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(I am currently studying a high dimensional probability course with very little background knowledge in probability theory as a whole, so I hope it's not annoying that I seem to be oblivious about basic concepts, yet am using more involved ideas. Note: I have a good background understanding of measure theory.)

I am having difficulty understanding how to calculate expectation in the following way:

So, by definition I understand that formally $$\mathbb{E}[X]:=\int_\Omega{}X(\omega)d\mathbb{P}(\omega).$$

And that moment generating function is defined as $M_X(\lambda):=\mathbb{E}[\exp(\lambda{}X)]$, and this is unique, so if two random variables have the same $M_X(\lambda)$ their distributions coincide. Now I am trying to show that the following random variable is normally distributed:

Let $Y$ be a random Gaussian vector and $u\in\mathbb{R}^n$ (each of its components are standard normally distributed). I am trying to show that $\langle Y,u\rangle$~$N(0,\|u\|_2^2)$ (where $\langle\cdot,\cdot\rangle$ is the standard Euclidean scalar product).

I have shown that the mean is 0 and variance is $\|u\|_2^2$ but from my understand this isn't enough. How would I calculate the moment generating function of $\langle Y,u\rangle$ and show that this coincides with that of a normal distribution, or is there an easier way of doing so?

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So you know that $$ \langle Y,u\rangle = \sum_{i=1}^n u_i Y_i $$ (that's the usual inner product over $\mathbb{R}^n$), so that for every $\lambda \in \mathbb{R}$ $$ \mathbb{E}[e^{\lambda \langle Y,u\rangle}] = \mathbb{E}[e^{\lambda \sum_{i=1}^n u_i Y_i}]= \mathbb{E}[\prod_{i=1}^n e^{\lambda u_i Y_i}] $$ Now, you can use the fact that the $Y_i$'s are independent (and therefore the $e^{\lambda u_i Y_i}$'s are independent) to get $$ \mathbb{E}[e^{\lambda \langle Y,u\rangle}] = \prod_{i=1}^n \mathbb{E}[e^{\lambda u_i Y_i}] $$ But each $Y_i$ is a standard normal, so you can explicitly compute $\mathbb{E}[e^{t Y_i}]$ for any $t$ (in particular for $t=\lambda u_i$).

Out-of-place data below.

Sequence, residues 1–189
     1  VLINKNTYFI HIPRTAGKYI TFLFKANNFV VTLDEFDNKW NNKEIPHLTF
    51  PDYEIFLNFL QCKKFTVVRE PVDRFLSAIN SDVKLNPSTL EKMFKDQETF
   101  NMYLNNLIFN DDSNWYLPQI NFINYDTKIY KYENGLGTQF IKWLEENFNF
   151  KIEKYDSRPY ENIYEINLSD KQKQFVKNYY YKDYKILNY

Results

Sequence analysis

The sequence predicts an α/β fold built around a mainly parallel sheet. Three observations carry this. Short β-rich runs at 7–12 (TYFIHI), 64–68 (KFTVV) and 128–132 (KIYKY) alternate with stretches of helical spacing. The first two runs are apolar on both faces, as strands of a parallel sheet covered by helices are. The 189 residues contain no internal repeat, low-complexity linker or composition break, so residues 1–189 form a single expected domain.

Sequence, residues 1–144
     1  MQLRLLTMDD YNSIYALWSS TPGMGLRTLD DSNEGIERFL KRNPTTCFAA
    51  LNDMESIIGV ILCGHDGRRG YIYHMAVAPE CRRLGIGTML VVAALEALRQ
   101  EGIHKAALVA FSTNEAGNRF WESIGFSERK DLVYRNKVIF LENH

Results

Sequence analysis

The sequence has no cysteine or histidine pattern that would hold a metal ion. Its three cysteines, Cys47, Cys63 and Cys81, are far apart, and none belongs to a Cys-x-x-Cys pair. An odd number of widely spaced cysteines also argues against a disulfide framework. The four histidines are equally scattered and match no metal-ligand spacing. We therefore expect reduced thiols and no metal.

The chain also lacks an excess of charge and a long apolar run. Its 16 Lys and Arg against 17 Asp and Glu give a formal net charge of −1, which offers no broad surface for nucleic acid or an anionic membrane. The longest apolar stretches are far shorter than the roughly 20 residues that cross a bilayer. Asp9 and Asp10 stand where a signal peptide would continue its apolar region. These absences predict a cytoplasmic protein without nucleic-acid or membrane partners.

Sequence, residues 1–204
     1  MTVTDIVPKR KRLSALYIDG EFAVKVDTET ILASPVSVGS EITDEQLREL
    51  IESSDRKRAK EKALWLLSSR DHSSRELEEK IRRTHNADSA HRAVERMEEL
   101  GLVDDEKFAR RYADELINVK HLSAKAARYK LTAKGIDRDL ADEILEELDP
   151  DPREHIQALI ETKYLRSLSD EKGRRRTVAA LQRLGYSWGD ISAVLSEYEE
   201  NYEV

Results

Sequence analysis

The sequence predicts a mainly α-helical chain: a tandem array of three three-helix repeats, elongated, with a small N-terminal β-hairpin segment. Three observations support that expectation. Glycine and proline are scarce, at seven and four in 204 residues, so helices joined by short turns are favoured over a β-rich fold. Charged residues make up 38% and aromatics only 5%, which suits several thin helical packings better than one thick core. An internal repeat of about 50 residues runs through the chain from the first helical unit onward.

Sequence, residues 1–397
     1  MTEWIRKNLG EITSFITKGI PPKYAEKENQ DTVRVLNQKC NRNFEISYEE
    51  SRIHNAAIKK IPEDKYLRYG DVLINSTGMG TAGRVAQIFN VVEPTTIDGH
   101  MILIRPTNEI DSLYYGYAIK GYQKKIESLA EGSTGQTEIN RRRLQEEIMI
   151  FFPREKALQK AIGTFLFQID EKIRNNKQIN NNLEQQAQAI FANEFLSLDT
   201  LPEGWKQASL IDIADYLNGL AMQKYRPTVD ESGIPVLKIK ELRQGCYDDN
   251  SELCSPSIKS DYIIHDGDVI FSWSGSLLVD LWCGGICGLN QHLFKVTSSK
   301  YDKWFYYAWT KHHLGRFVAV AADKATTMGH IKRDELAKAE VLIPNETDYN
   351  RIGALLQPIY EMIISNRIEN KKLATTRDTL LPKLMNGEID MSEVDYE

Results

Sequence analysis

Can you take it from there to compute $\mathbb{E}[e^{\lambda \langle Y,u\rangle}]$ and compare the resulting expression that that of the MGF of a (univariate) $\mathcal{N}(0,\lVert u\rVert_2^2)$?


In more detail: recall that the MGF of $Z\sim \mathcal{N}(0,\sigma^2)$ is given by $$ \forall \lambda,\; \mathbb{E}[e^{\lambda Z}] = e^{\frac{1}{2}\lambda^2\sigma^2} \tag{$\dagger$} $$ so that, for every $1\leq i\leq n$, since $Y_i \sim \mathcal{N}(0,1)$ we have $$ \mathbb{E}[e^{\lambda u_i Y_i}] = e^{\frac{1}{2}\lambda^2u_i^2} $$ and therefore $$ \mathbb{E}[e^{\lambda \langle Y,u\rangle}] = \prod_{i=1}^n \mathbb{E}[e^{\lambda u_i Y_i}] = \prod_{i=1}^n e^{\frac{1}{2}\lambda^2u_i^2} = e^{\frac{1}{2}\lambda^2 \sum_{i=1}^nu_i^2} = e^{\frac{1}{2}\lambda^2 \lVert u\rVert_2^2} \tag{$\ddagger$} $$ No, compare $(\ddagger)$ to $(\dagger)$ to conclude about the distribution of $\langle Y,u\rangle$ based on its MGF.

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  • $\begingroup$ I'll be honest, I'm not exactly sure how one explicitly compute the individual MGF you mention? $\endgroup$ – kam May 11 '20 at 20:04
  • $\begingroup$ Let me expand then. Are you familiar with the MGF of a univariate Gaussian (mean 0 and variance $\sigma^2$?) @kam $\endgroup$ – Clement C. May 11 '20 at 20:06
  • $\begingroup$ Im assuming by multivariate you mean $X$~$N(0,\mathbb{1}_n)$ (with $\mathbb{1}_n$ the identity nxn matrix). I am familiar with that, and the probability density function for it, but not the MGF. $\endgroup$ – kam May 11 '20 at 20:10
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    $\begingroup$ @kam Look at the edited answer, and tell me which parts you are not comfortable with. I'll expand those points. $\endgroup$ – Clement C. May 11 '20 at 20:15
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    $\begingroup$ Glad this helped! @kam $\endgroup$ – Clement C. May 11 '20 at 20:17

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